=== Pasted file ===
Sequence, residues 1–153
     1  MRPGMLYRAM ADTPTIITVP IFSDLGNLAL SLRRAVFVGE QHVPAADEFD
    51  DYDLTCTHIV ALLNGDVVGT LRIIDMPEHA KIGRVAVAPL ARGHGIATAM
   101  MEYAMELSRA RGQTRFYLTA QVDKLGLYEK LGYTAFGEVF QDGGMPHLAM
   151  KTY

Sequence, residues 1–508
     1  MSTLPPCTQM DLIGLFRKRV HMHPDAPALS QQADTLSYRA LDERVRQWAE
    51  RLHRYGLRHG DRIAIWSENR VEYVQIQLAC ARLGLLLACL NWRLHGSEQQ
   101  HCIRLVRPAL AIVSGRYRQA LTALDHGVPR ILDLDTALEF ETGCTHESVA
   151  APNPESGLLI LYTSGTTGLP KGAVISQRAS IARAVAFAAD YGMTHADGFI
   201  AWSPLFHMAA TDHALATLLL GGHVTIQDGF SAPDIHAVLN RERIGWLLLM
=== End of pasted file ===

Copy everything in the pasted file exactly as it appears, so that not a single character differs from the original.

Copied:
Sequence, residues 1–153
     1  MRPGMLYRAM ADTPTIITVP IFSDLGNLAL SLRRAVFVGE QHVPAADEFD
    51  DYDLTCTHIV ALLNGDVVGT LRIIDMPEHA KIGRVAVAPL ARGHGIATAM
   101  MEYAMELSRA RGQTRFYLTA QVDKLGLYEK LGYTAFGEVF QDGGMPHLAM
   151  KTY

Sequence, residues 1–508
     1  MSTLPPCTQM DLIGLFRKRV HMHPDAPALS QQADTLSYRA LDERVRQWAE
    51  RLHRYGLRHG DRIAIWSENR VEYVQIQLAC ARLGLLLACL NWRLHGSEQQ
   101  HCIRLVRPAL AIVSGRYRQA LTALDHGVPR ILDLDTALEF ETGCTHESVA
   151  APNPESGLLI LYTSGTTGLP KGAVISQRAS IARAVAFAAD YGMTHADGFI
   201  AWSPLFHMAA TDHALATLLL GGHVTIQDGF SAPDIHAVLN RERIGWLLLM